The U.S. military has been using a virtual reality program to augment therapy for combat veterans returning from war with post-traumatic stress disorder. For the first time that software was made available for use in a theatrical production.
“Closer Than They Appear” tells the story of an American soldier and his encounter with a teenage Iraqi blogger during the battle of Fallujah. The play uses the VR and video game technology of “Virtual Iraq” to bring audiences into the landscapes of that war and the mental states of its characters. It forces onlookers to question memory, reality and time while posing the question of who is victimized and who empowered in times of war. The play is on stage in Swain Hall at the University of North Carolina at Chapel Hill and runs until Sunday, Oct. 1.
Host Frank Stasio talks with playwright Christine Evans, multimedia designer Jared Mezzocchi, producer and actor Elisabeth Lewis Corley and actor Trevor Johnson about the production.
Christine on the questions behind the play:
I think, for me, one of the defining experiences of coming to America was being here at the start of the war in Iraq, and two things happened simultaneously for me. One is that I entered the American bubble and my own country Australia – and a sense of the rest of the world – kind of vanished. And then this war started. So one of my questions was: what is also happening to the Iraqis in this war? Why are we not hearing those stories too? So I wanted to find a way to talk about both sides. And then when I discovered this technology of virtual Iraq, which is a video-game based virtual reality program for helping soldiers rehabilitate from traumatic experience, it struck me that it was a landscape that could offer both sides of this story and that was very interesting to me.
Jared on how the technology is integrated into the production:
We first started out with using the paints of “Virtual Iraq” within our piece and trying to figure out what are the different assets that are used within the software. And then Christine would sit next to me while we were working through the composition – the look of the stage picture – while simultaneously figuring out the cadence and rhythm of the scene work and starting to find what overlaps together as opposed to write something and discover it later. And discovering, ‘Oh, a Black Hawk fly-over moves stage right to stage left, and that’s actually kind of lovely for this character standing center stage and us needing to lead the eye over to Michael in the therapy room.’ So starting to look at compositions that way.
As well as … Figuring out how this software can become truly a character in the play … How do we give agency to the cell phone even though we don’t see or hear the person on the other end? And technology has changed dramatically since we’ve last produced this. So just trying to figure out how it drives the story forward as opposed to just illustrating what the audience could also be imagining.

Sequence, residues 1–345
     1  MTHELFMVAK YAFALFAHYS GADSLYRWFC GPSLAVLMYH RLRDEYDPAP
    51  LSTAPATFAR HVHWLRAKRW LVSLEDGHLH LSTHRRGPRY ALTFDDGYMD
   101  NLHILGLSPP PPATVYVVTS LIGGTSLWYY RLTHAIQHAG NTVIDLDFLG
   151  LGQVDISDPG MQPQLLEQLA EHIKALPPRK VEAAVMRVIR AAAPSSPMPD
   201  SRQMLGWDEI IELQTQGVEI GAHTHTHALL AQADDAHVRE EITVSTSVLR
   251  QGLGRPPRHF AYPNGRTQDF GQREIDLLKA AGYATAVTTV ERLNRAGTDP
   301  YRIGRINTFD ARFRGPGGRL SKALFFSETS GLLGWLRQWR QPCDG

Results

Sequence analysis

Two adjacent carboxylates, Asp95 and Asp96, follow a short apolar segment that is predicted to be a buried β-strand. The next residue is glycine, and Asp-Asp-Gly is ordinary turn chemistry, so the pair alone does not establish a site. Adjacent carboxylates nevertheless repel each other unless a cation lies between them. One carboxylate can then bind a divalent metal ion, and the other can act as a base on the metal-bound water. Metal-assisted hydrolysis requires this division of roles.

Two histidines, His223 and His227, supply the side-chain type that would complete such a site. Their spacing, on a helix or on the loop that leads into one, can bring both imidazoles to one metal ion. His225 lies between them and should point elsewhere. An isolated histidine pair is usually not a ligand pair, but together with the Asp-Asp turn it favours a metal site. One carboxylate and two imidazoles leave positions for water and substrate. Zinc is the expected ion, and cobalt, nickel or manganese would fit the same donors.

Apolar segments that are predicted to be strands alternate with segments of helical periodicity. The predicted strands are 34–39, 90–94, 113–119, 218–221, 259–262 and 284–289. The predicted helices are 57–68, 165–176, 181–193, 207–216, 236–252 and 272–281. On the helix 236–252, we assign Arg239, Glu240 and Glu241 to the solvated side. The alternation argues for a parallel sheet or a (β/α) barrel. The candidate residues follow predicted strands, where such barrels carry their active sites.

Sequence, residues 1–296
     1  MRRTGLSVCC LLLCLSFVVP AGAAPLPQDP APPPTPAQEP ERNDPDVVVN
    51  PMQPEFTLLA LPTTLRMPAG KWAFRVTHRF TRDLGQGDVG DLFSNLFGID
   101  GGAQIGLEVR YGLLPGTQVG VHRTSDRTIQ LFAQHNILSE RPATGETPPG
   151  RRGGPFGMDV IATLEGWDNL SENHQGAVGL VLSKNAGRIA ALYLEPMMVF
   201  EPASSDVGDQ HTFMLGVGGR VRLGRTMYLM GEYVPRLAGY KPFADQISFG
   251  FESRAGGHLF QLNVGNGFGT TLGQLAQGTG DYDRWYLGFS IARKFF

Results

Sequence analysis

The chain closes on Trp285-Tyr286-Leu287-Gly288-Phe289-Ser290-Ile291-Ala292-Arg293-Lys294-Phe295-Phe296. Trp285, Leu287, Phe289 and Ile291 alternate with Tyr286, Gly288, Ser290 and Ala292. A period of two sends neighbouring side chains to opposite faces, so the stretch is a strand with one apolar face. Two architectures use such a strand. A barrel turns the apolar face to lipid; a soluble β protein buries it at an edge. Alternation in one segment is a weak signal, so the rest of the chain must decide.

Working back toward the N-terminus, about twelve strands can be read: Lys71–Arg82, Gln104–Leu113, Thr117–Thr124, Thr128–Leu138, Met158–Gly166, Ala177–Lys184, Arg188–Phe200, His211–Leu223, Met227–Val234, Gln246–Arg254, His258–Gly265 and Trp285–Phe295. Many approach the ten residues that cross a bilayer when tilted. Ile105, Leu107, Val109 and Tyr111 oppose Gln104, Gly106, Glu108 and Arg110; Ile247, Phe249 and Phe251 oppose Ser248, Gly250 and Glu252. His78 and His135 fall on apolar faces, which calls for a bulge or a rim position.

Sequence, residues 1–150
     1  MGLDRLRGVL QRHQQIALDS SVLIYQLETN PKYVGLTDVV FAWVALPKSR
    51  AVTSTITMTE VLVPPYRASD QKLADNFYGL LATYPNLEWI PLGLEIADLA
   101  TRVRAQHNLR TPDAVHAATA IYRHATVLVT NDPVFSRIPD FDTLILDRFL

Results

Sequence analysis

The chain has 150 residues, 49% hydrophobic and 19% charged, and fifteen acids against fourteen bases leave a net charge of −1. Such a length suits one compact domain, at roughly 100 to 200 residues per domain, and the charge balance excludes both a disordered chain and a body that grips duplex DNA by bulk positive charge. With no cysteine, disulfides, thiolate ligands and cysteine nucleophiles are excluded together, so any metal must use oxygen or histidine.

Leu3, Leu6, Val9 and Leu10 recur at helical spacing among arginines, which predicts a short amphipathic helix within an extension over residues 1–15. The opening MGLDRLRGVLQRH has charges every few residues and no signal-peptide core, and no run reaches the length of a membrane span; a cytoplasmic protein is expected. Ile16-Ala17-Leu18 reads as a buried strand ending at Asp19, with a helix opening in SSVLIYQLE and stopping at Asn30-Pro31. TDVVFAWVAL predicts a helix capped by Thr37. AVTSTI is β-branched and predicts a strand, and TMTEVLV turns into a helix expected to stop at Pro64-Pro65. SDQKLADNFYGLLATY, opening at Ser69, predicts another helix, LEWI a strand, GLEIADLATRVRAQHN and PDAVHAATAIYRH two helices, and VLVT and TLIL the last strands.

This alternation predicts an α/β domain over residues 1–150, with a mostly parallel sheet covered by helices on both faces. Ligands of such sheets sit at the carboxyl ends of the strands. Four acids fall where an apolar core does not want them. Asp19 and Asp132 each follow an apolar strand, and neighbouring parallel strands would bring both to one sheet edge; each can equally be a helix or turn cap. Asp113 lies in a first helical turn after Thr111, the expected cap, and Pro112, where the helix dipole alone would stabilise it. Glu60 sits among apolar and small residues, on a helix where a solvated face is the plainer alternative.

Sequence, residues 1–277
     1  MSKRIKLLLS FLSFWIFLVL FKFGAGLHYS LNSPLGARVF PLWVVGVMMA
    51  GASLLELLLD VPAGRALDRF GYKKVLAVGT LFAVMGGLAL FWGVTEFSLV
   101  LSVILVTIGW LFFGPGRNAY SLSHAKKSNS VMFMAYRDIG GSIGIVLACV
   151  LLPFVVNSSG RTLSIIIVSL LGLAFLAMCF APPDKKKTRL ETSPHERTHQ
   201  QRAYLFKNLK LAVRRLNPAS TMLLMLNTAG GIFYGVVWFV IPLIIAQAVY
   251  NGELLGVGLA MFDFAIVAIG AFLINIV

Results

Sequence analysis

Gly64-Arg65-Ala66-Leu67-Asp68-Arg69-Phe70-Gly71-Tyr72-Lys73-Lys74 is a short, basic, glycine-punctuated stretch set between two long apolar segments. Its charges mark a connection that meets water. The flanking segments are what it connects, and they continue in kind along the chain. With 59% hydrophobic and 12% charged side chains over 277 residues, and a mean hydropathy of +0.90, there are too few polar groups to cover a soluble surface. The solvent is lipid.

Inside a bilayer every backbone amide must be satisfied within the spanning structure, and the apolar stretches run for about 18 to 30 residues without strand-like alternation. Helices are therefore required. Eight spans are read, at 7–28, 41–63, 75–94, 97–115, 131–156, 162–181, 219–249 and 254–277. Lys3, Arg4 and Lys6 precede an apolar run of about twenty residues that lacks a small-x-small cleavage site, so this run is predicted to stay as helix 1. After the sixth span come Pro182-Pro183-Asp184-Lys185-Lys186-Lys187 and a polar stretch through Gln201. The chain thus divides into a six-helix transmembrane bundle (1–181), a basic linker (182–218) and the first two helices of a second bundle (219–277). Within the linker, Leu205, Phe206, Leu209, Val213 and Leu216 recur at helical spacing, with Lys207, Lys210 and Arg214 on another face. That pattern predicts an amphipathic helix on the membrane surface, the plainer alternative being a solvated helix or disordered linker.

Elizabeth on staging this for an audience:
Sometimes we can have this young girl, this young Iraqi girl, speaking to us from Fallujah, and sometimes she’s very, very present and with us. And sometimes she’s … (removed), and sometimes she’s technologically mediated, and sometimes she’s not. But the way this sort of begins to interact with the virtual reality begins to create a kind of alchemy that we hope helps people to bring together the notion of what these impacts of war are on the bodies of the returning veteran and the incredibly complex and personal lives of these Iraqi civilians. So whether we have successfully done that or not will be determined by our audience. But what we have attempted to do is create an envelope that will allow those things to encounter one another in a space with a live audience.
Trevor on his character:
Michael is a character that often goes unseen, I think. The play starts off with a line that he says: “You don’t see us.” And it seems like we have soldiers all over the world who come back from the war, and they disappear. We often don’t see them. We don’t experience what they go through. We have no empathy for them. And I think if we started to develop some empathy for these very real people, we’ll pay more attention to what they need to be members of society, productive members of society. And I also think it will cause people to hesitate before they say, ‘I think it’s okay to go to war.’ It will cause people to pause before even considering war as an option. Because it’s not only killing people, it’s killing people’s spirits. Which is sometimes worse than death.